A guide to sticking with your beads despite distractions


Praying the rosary can be a challenge. The repetition of prayers may provide familiar comfort but also can lead to rote recital. Rather than focusing on the prayers and meditating on the mysteries, your mind may wander off to unfinished tasks, problems at work, family tensions, or weekend plans. You might even lose count of the Hail Marys or finish feeling unfulfilled.

Distractions inevitably arise, and even saints have had to deal with them. So here are a few tried and tested tips to keep you focused and on track:

Before you begin, prepare. Just as constantly rushing into Mass late can disrupt your prayer life, so starting the rosary without preparing can set you up for distractions. “Never address your words to God while you are thinking of something else,” advises St. Teresa of Avila. There is a natural focal point with the rosary as you recall what mystery is assigned for the day, so take a few extra moments to put yourself in God’s presence for the task at hand.

Set the right environment. You can pray anytime, anywhere, of course – in the car, in line at the hardware store, even while shaving. But the rosary is meditative prayer, and meditation does not go well with multitasking. So take preventive measures to ward off distractions. Turn off the TV, put away the phone, and choose a quiet place, if possible. There’s a reason why Jesus advises us to “go to your room, close your door, and pray to your Father in private” (Matt. 6:6). God deserves your undivided attention.

Pray with all your senses. Many potential distractions come through the senses. You can more easily focus your mind and heart on prayer if you engage your senses as much as possible. Focus intently on the prayers as they are recited, or play sacred music at low volume. If going solo, pray aloud or pray along with a recording of the rosary. Keep religious images or a crucifix within sight to keep your eyes from wandering. And use the beads! They give you a way of praying even through the sense of touch.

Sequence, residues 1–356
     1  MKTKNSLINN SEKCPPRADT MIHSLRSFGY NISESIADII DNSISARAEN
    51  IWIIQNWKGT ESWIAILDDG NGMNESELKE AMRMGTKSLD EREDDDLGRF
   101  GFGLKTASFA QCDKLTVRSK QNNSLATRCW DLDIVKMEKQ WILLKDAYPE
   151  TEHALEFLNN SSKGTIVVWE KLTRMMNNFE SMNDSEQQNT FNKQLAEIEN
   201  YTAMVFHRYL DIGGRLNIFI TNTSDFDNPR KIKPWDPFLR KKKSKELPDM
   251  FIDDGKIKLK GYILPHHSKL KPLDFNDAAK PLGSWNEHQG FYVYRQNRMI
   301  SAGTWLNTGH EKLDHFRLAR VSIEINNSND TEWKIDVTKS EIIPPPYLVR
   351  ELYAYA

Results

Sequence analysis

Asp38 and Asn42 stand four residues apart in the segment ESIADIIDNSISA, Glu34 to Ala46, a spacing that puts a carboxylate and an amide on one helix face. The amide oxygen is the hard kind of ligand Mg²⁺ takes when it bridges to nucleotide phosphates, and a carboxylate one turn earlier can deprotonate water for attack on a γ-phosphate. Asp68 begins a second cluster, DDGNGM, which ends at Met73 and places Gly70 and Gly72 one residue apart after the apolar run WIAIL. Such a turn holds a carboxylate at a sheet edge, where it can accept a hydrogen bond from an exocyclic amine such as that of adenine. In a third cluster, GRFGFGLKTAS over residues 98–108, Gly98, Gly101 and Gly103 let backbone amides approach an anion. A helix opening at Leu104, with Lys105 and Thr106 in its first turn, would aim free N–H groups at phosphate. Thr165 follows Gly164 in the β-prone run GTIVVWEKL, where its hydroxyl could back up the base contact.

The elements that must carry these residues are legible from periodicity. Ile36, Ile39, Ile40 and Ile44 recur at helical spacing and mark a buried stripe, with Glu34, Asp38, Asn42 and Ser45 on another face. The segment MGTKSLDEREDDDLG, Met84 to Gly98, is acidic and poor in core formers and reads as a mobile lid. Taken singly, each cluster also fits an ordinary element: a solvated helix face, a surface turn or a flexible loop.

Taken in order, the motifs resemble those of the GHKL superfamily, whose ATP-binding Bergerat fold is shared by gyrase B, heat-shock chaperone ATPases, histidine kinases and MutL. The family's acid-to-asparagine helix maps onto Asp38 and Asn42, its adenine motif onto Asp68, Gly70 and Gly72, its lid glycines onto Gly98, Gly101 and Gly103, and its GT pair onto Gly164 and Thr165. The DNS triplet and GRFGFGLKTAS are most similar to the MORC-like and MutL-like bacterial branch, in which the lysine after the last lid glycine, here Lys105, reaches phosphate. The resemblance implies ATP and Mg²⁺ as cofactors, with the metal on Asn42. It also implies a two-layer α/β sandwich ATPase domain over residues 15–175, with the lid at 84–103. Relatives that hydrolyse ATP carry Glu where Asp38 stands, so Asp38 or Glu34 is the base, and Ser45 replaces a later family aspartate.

Decide what to meditate upon. Should you meditate on each mystery, on your prayer intentions, or the words of the prayers themselves? Each of these options is valid. Choose one, or slide gracefully among all three, as long as you maintain a spirit of prayer (take note of the next two points).

Still distracted? Redirect. “I have many distractions, but as soon as I am aware of them, I pray for those people, the thought of whom is diverting my attention,” says St. Thérèse of Lisieux. “In this way, they reap the benefit of my distractions.” If an individual comes to mind, offer that decade or Hail Mary for that person; if your distraction is some worry, pray for that intention. The trick is to not allow the distraction to carry you away but rather to “arrest” it and incorporate it into your rosary.

The Catechism of the Catholic Church offers another insight: “a distraction reveals to us what we are attached to” (#2729). If your distraction is a negative attachment, such as a temptation or evil thought, pray to overcome that inclination You might even find that it’s God’s way of calling you to repent of a bad habit or to ask forgiveness of someone you have wronged.

Add something extra. Brief additional meditations might help you maintain or re-establish focus. Try a scriptural rosary, where an appropriate biblical verse is read before each Hail Mary (the Knights of Columbus offers one here). St. Louis de Montfort suggests adding a phrase after the name of Jesus in the Hail Mary relating to the mystery, for example, “the fruit of thy womb, Jesus Incarnate” during the First Joyful Mystery.

Don’t give up. A wise man said that “anything worth doing is worth doing poorly.” In other words, don’t let the perfect get in the way of the good — just do the best you can.

“Even if you have to fight distractions all through your whole rosary, be sure to fight well, arms in hand: that is to say, do not stop saying your rosary even if it is difficult to say and you have no sensible devotion,” St. Louis instructs. “It is a terrible battle, but one that is profitable to the faithful soul.”

About the Author
Gerald Korson, a veteran Catholic journalist, is a member of the Knights of Columbus in Indiana.

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